Is the civil justice system broken? Given the extra time many of us have on our hands these days, compliments of COVID-19, lawyer Marcel Strigberger has come across some articles commenting on the problems of access to justice.
The national pastime, played in empty stadiums, at long last gets underway on Thursday. The cheer of the crowd will be sorely missed. But the absence of fans will also spare Major League Baseball teams from legal headaches that can arise when the seats are filled.
Inside Louisiana’s maximum security prison, inmate Archie Williams used to watch America’s Got Talent and visualize himself performing on the show. It was a dream that couldn’t have seemed further from reality. But on May 26—37 years after his conviction and a little over a year since his exoneration and release—his improbable dream came true.
While courthouses were closed because of COVID-19, members of San Diego’s legal community developed a new program designed to help parties tackle their civil disputes for free outside the court system.
Rehan Staton has always done things differently. “People say I take notes differently, I learn differently. People say in general I have a peculiar way of doing things, but it always worked for me,” Staton, 24, says.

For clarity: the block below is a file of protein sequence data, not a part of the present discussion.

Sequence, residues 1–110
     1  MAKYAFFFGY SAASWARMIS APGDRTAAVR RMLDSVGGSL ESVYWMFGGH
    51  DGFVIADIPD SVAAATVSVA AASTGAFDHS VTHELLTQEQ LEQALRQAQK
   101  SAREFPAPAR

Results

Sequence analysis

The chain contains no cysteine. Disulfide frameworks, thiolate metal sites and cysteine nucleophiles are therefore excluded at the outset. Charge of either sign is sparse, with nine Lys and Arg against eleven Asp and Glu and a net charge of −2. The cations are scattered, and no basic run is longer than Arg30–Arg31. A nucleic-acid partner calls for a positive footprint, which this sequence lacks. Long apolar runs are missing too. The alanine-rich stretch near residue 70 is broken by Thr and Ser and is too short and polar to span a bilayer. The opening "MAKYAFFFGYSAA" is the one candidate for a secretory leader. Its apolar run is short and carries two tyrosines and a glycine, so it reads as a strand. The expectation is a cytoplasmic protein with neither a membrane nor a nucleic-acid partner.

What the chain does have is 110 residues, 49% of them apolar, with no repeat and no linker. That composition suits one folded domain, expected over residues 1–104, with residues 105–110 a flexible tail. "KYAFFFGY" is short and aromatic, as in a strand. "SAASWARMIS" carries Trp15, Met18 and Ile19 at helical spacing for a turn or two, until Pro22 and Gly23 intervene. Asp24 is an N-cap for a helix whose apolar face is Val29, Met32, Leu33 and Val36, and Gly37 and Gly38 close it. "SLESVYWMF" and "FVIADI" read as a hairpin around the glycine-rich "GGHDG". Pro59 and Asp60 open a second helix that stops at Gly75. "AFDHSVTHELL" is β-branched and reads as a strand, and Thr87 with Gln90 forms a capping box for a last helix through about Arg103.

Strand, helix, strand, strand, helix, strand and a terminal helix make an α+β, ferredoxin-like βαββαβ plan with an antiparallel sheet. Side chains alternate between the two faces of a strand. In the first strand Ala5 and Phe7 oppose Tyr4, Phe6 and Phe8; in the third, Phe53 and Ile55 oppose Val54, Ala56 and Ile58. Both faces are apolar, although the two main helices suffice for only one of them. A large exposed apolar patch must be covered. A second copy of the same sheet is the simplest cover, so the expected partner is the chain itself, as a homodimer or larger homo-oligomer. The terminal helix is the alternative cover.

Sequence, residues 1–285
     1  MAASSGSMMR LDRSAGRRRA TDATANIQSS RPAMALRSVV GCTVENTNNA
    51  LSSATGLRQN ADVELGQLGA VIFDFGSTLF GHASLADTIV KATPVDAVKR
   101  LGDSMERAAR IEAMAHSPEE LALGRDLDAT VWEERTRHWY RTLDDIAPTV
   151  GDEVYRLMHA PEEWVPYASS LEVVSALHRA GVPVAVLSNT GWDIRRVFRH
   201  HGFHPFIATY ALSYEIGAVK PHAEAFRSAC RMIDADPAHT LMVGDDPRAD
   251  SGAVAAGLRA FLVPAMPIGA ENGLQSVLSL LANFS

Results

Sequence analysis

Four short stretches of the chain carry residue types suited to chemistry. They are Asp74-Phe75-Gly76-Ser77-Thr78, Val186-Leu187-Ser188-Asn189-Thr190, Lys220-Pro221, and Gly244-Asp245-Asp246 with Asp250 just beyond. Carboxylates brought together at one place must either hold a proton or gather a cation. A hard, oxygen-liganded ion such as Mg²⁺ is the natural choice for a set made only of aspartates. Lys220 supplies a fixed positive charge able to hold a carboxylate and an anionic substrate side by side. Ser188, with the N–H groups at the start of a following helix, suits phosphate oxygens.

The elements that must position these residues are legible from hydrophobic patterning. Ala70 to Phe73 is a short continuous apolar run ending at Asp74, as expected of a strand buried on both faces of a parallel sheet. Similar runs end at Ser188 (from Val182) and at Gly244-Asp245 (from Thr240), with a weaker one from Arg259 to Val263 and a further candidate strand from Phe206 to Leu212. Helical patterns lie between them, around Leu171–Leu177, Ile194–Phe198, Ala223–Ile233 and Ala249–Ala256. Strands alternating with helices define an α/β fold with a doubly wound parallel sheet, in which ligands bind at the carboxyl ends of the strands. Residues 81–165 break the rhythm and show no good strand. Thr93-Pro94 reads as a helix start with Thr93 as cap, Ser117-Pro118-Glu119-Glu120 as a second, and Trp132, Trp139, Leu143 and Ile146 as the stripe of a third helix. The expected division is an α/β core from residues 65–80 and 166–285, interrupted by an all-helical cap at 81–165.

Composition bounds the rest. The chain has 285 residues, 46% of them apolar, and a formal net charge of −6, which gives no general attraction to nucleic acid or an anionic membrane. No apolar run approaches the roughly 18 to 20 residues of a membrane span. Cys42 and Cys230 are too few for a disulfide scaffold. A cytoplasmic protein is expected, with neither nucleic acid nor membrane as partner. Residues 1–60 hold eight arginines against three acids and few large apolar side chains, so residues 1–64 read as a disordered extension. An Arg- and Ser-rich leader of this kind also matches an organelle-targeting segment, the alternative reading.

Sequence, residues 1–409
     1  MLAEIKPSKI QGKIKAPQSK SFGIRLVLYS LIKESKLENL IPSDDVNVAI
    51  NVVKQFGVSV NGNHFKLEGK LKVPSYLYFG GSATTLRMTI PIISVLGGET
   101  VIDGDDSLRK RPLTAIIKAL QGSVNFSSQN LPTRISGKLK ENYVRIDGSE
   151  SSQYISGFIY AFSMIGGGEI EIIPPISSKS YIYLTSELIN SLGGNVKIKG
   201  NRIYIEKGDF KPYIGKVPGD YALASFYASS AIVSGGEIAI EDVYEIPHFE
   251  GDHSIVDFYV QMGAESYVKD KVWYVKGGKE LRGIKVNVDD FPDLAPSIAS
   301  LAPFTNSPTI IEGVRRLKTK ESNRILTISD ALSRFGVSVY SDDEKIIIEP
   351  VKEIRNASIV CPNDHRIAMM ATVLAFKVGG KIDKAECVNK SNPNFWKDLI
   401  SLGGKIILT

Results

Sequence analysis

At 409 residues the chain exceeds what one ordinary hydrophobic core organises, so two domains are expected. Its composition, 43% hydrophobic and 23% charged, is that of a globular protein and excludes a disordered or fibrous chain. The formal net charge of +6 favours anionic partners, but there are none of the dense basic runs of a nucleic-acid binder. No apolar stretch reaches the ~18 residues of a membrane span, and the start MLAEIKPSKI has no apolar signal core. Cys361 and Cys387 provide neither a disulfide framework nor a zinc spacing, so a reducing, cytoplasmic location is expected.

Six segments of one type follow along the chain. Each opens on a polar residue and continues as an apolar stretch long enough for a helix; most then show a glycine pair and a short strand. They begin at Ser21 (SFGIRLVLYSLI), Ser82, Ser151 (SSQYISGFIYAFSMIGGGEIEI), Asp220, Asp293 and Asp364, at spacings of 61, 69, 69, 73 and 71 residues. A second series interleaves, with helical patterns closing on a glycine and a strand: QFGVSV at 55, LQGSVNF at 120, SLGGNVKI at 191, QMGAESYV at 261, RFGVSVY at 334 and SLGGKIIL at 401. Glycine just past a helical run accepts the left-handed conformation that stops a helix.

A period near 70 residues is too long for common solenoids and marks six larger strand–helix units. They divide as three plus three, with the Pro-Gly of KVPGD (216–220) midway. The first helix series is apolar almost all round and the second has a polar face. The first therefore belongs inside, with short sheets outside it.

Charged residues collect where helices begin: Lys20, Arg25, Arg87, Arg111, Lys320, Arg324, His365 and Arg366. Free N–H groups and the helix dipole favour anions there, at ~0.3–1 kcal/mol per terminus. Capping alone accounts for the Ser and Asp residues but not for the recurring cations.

The horrific shooting death of African American jogger Ahmaud Arbery in Brunswick, Georgia, has inspired calls for social justice and prompted the passage of hate crime legislation for the first time in the state’s history. In addition to criminal charges against the three men, the case poses legal ethics questions raised by the conduct of the initial prosecutors in charge.
“It came down to ‘How do we support this cause?’” says Jerome Crawford, co-chair of the ABA’s Men of Color Project. “We recognized that we represent a unique constituency that needed to be spoken up for. The issues that we’re talking about disproportionately affect men in communities of color, particularly Black and brown men.”
The state supreme court’s Limited License Legal Technicians initiative won over the state bar’s board of governors, as the panel unanimously approved a resolution indicating its strong endorsement of the rule. But in a stark 180-degree turn, the limited license program rapidly lost the support of the bar’s board and the court as the makeup of both bodies changed.
As various states cancel in-person July bar exams because of COVID-19 concerns, others appear undecided or even committed to keeping things as is—even in places experiencing significant infection increases.
Annual tuition at Harvard Law School is $65,875, and a student there thinks he should get at least some of that back. With the school’s June announcement that the fall 2020 term will be online, Abraham Barkhordar, a rising 2L at Harvard, has filed a suit demanding that tuition should be discounted.